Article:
November 17, 2010
Students in CSU's Conservation Leadership Through Learning program know they are not receiving a traditional education. The new and innovative graduate study program in the Warner College of Natural Resources combines classroom learning with hands-on experience in the field and interaction with leaders in conservation.
Recently, the students had the opportunity to learn from a leader in conservation in Colorado. In October, Conservation Leadership Through Learning students traveled to Denver for a presentation by Colorado Gov. Bill Ritter, who discussed conservation efforts by Colorado’s government.
“CSU's Conservation Leadership specialization is working with conservation leaders from multiple countries to empower them with the tools they will need to orchestrate positive change upon graduation,” said Ryan Finchum, field director for the CLTL program.
“One of the ways we are building their toolkit is by giving them face time with leaders from all walks of life - in this case, meeting with the governor of Colorado to learn about how conservation fits into state government.”
Through the governor’s presentation, students gained a greater understanding of the ways in which Colorado is a national leader in conservation and environmental efforts.
Gov. Ritter praised the program as another example of CSU’s cutting-edge focus on research and workforce training in energy, the environment and natural resources.
“This program will help us prepare the next generation of Colorado’s workforce to better manage and protect our environment and natural resources,” said Gov. Ritter, whose oldest son, August, is taking part in the program. “This is a rapidly changing field that requires a highly skilled and extremely well-educated workforce. I’m pleased and excited that CSU is helping to meet that demand.”
During the past few years, Gov. Ritter has developed many initiatives to keep Colorado as a leader in environmental programs. Many of these projects have centered on development of renewable energy, including wind power and geothermal energy.
“I was extremely impressed with the work the governor has done and his vision for the state,” said CLTL student Britt Basel. “He demonstrated a very judicious approach to policy, showing a solid appreciation for meeting Colorado’s varying needs on social, environmental and economic levels.”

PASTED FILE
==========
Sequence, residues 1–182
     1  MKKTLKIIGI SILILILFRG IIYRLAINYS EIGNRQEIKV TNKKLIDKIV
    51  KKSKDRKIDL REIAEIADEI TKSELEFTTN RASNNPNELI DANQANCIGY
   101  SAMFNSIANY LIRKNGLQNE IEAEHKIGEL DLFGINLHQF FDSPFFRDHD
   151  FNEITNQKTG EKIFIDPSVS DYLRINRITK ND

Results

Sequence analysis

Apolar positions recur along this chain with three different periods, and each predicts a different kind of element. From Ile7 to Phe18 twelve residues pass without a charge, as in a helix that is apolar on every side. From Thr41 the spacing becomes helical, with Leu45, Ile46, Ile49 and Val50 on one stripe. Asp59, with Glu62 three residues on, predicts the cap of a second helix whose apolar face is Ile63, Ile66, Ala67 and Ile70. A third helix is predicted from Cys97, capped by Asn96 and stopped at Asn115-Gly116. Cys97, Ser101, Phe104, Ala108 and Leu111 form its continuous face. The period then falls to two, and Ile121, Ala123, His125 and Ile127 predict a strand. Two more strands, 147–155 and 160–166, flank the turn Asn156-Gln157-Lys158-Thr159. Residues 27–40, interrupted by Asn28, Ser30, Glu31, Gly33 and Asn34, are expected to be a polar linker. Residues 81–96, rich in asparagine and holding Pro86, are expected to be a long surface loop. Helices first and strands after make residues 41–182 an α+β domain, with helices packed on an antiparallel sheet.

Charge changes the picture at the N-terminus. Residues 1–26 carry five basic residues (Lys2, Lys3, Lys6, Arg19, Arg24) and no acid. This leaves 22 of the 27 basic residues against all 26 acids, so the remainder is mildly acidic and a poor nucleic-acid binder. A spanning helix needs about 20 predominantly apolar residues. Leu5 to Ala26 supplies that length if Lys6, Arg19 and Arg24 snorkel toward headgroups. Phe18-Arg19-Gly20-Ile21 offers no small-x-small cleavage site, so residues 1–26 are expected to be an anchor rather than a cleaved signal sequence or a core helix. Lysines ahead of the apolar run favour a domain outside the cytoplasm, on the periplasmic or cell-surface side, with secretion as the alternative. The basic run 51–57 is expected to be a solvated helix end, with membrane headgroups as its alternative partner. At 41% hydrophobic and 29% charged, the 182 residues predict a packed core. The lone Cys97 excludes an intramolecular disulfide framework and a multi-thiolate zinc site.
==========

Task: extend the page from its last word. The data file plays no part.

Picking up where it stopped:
Gov. Ritter has also worked to ensure that Colorado’s wilderness areas remain protected. In August, he announced an initiative to partner with nine of the state’s largest energy companies to conserve 335,000 acres of wildlife habitat on Colorado’s Western Slope while continuing to develop the state’s energy resources responsibly.
“I gained an amazing insight from a great leader into how real transformative politics can happen,” said Adrian Benedetti, a graduate student in the CLTL program who attended the presentation. “It takes focus, determination, being pragmatic and understanding where you are and where you can be without relinquishing your ultimate goal.”
The Conservation Leadership Through Learning program blends disciplines to give students the resources they need to face ever-changing conservation issues around the country and the world. The program draws from the natural and physical sciences, social sciences, and management and leadership to create a learning experience unlike any other.
“Conservation is not about making people worry about the extinction of a species; it is not about our bad habits,” said Diana Morales-Betancourt, a CLTL student who is originally from Colombia. “Conservation is about finding ways to live our lives better, not just for us but for all living things, now and in the future.”
Students gain an understanding of the way conservation issues are converging and how they can help develop solutions to those issues upon graduation. They come from all walks of life, and the program has a significant number of international students as well as students who already have international conservation experience.
“While working in Panama, I realized that conservation challenges facing us today are all intertwined, and I was struggling to understand how,” Benedetti said. “I wanted to learn and be a part of a program audacious enough to try to explain it to me.”
The 17-month, full-time program begins on the CSU campus. Students spend seven months of their time in the program living and working in Mexico learning about conservation issues from an international perspective. CSU and the Warner College of Natural Resources have partnered with Mexico’s El Colegio de la Frontera Sur University to develop this unique, integrated program.
“In our day-to-day lives, we are comfortable and often too busy to step back and see the larger picture of resource over-exploitation, negative impacts of globalization, and climate change that must be addressed,” Basel said. “We tend to get overwhelmed thinking about these issues, so we don't. The thing is, as part of a global community, we have total power to change these problems and it really won't take that much. CLTL is giving me a solid foundation to help me be part of this solution.”
The first group of CLTL students will graduate in Spring 2012. Applications for the next program will be accepted starting August 2011.
For more information, visit Conservation Leadership Through Learning, e-mail, or call (970) 491-7776.
Written by Kelly Geary, senior Journalism and Technical Communications major at CSU and intern in CSU’s Department of Public Relations.
Contact: Kimberly Sorensen
Phone: (970) 491-0757